Agreeableness: Compassion and Politeness
Conscientiousness: Industriousness and Orderliness
Extroversion: Enthusiasm and Assertiveness
Neuroticism: Withdrawal and Volatility
Openness to Experience: Openness and Intellect
The results that I was presented with were based entirely on my self-report of the 100 statements, compared to thousands of others who had taken the test.
The results section stated;
Remember that each personality trait and aspect (and your relative position with respect to them) has advantages and disadvantages. It is for that reason that variation exists in the human population: there is a niche for each personality configuration. Much of what constitutes success in life is therefore the consequence of finding the place in relationships, work and personal commitment that corresponds to your unique personality structure. Good luck with your expanded self-understanding!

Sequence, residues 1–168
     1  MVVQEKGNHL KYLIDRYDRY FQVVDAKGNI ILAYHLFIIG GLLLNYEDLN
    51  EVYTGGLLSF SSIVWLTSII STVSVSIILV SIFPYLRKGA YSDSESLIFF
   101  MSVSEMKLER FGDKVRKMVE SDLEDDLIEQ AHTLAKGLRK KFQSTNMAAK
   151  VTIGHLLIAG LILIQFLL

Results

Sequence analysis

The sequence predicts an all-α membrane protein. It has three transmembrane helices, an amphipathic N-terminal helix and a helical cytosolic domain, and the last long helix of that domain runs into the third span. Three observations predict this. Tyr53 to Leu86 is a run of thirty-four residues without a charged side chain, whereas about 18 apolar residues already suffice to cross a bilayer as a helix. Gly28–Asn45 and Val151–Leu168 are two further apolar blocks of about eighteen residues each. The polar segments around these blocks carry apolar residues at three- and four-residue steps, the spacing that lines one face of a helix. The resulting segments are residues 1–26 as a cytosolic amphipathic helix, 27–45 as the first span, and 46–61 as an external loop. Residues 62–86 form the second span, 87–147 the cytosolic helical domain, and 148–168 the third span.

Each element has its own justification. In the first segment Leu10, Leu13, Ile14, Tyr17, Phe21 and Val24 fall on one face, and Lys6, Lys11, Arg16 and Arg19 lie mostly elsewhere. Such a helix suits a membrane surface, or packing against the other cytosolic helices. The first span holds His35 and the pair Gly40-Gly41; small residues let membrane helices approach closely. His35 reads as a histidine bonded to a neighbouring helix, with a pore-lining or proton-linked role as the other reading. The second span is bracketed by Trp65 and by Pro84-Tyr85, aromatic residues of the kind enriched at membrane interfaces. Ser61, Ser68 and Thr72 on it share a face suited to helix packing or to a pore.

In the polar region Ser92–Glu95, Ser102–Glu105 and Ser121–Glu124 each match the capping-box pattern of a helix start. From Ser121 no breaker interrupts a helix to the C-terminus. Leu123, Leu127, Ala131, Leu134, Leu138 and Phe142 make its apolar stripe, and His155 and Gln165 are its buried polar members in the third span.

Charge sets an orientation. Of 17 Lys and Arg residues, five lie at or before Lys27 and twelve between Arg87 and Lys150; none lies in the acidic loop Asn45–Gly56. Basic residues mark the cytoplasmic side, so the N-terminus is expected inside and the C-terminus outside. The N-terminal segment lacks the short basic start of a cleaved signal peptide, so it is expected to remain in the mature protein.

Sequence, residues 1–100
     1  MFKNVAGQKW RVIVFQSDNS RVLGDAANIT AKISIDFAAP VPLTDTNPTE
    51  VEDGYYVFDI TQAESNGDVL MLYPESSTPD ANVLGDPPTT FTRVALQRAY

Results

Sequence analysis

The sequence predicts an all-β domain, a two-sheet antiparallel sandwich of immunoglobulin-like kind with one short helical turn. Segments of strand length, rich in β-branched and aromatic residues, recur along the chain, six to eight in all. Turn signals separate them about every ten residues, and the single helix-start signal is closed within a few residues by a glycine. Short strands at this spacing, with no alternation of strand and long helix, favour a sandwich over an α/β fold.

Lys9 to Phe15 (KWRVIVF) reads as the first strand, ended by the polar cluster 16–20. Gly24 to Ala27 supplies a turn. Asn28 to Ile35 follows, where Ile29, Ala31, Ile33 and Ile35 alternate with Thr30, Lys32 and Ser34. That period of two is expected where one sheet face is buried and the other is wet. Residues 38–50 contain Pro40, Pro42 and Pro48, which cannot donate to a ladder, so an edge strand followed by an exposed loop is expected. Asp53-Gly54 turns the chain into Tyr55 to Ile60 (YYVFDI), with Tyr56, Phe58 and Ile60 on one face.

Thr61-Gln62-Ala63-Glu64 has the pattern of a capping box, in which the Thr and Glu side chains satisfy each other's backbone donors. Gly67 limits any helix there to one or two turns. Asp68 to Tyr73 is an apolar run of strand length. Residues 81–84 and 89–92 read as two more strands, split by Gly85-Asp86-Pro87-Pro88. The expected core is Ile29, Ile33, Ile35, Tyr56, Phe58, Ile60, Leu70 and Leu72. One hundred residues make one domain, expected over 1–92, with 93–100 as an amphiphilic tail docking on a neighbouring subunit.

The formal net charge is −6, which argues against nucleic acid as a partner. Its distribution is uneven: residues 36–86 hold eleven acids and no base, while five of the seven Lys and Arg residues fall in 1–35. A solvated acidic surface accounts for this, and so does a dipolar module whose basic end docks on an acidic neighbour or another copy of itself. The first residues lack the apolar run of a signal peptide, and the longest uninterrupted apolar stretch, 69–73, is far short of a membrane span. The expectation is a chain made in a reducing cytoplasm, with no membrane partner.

With apprehension and excitement, I continued down the page to reveal my results…
Quick note: I will gladly elucidate the results of my test—it would be funny to feel the need to keep it a secret when there’s nothing secret about how others perceive you! However, I won’t provide all of the text explaining the results as it would make this post far too long, I will offer some exciting sections. Please do the test yourself to reveal your results and gain further understanding!
1. Agreeableness: Very Low